There is an exception for some students to be living on campus this semester. If you have a family related reason, you may dorm on campus. Army ROTC is allowed and is required to dorm because of the physical training the students have to go through. Students are required to wear a mask at all times on campus from walks around campus, the dorm lobby, and during a bonfire. This is unfair. Students who have ROTC and others with special circumstances are able to have their freshmen dorm experience without in-person classes. UP has all these rules in place for everyone on campus yet they aren’t implementing required testing to ensure that there is not a case of coronavirus on campus. It just seems counterproductive if students are already logging in their symptoms and their temperatures as they go off campus, yet they are not required to get tested. It is the student’s choice to get tested as well so they do not have to get tested forcefully.
Entering college, I was afraid of not being able to talk to my professors after class. I had always imagined myself staying after class to ask a private question to my professor. It is hard to do that now. Introverted students like me may have a hard time connecting with their classmates and finding the help that they need, especially virtually. For example, I was terrified to reach out to anyone in my classes because I was afraid of what their reactions may be from someone reaching out to them for a silly question about the lesson. I have not yet been able to use office hours established from professors because of time conflicts with other classes. If we were in person, I would be able to walk to my professor and ask if they were able to meet at a certain time or simply ask them a quick question before or after class without other students present or the question being recorded on Zoom. And I’m sure, I would have classmates in the same dorm hall to interact with throughout my day.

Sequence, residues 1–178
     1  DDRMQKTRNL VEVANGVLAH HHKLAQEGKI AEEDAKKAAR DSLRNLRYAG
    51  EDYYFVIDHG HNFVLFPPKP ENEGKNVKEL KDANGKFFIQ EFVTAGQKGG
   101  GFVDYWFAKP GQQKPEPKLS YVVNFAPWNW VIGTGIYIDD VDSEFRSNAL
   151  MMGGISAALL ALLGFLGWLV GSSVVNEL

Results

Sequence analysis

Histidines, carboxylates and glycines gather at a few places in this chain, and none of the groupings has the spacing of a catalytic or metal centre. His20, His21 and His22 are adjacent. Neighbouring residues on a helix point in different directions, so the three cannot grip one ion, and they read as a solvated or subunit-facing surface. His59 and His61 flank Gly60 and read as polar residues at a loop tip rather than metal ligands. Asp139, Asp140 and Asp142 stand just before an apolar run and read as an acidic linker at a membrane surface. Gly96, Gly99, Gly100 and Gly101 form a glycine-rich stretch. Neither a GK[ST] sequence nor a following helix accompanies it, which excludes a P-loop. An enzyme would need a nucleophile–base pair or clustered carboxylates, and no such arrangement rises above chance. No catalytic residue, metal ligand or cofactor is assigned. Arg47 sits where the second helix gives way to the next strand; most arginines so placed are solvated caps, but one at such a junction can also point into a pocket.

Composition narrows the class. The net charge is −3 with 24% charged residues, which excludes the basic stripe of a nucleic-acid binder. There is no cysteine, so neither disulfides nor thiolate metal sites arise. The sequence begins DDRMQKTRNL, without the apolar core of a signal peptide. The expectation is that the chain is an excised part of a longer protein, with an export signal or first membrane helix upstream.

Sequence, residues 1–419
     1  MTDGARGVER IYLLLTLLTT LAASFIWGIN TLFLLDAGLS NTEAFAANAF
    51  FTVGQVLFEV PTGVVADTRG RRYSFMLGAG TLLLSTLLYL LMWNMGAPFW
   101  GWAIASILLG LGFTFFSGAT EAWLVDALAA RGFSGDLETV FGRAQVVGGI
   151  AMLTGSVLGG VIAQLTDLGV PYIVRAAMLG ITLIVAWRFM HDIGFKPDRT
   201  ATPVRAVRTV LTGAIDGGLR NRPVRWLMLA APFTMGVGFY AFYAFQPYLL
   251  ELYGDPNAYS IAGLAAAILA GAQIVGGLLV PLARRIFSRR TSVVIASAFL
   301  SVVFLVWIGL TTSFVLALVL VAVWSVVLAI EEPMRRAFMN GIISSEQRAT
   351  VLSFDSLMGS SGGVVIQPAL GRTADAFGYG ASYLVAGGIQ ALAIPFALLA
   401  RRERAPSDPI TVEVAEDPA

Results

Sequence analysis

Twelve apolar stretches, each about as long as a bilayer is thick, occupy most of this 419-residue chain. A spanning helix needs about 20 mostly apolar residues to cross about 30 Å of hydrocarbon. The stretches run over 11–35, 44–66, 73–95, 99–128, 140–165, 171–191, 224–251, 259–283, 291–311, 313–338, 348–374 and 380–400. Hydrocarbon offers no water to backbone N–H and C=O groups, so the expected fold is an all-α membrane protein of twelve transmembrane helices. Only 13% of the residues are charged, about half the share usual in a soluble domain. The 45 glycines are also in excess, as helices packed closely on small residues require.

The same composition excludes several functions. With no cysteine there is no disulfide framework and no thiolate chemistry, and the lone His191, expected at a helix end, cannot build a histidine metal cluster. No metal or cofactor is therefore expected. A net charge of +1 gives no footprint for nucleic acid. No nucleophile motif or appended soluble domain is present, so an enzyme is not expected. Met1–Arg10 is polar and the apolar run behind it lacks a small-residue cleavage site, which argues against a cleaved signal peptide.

Staying in the dorms your first year in college provides an opportunity to create life-long friendships, even with social distancing. It is easier to see your classmates in person and hang out instead of having to go through the UP email system and find their email to contact them or stalk their social media platform to connect. If I were on campus right now, I would be able to meet all of my professors formally. I would be able to have the late-night study sessions with my workshop classmates while eating burgers from Burgerville or eating Voodoo donuts for breakfast with classmates in my 9 a.m. class. I wish the administration kept the plan for moving in and instituted enhanced safety precautions for students and staff.
(This piece was written 2 weeks prior to the email sent October 2, 2020 concerning Spring 2021 semester on-campus residency guidelines.)
Malaya Paras-Mangrobang is a freshman nursing major. She can be reached at email@example.com.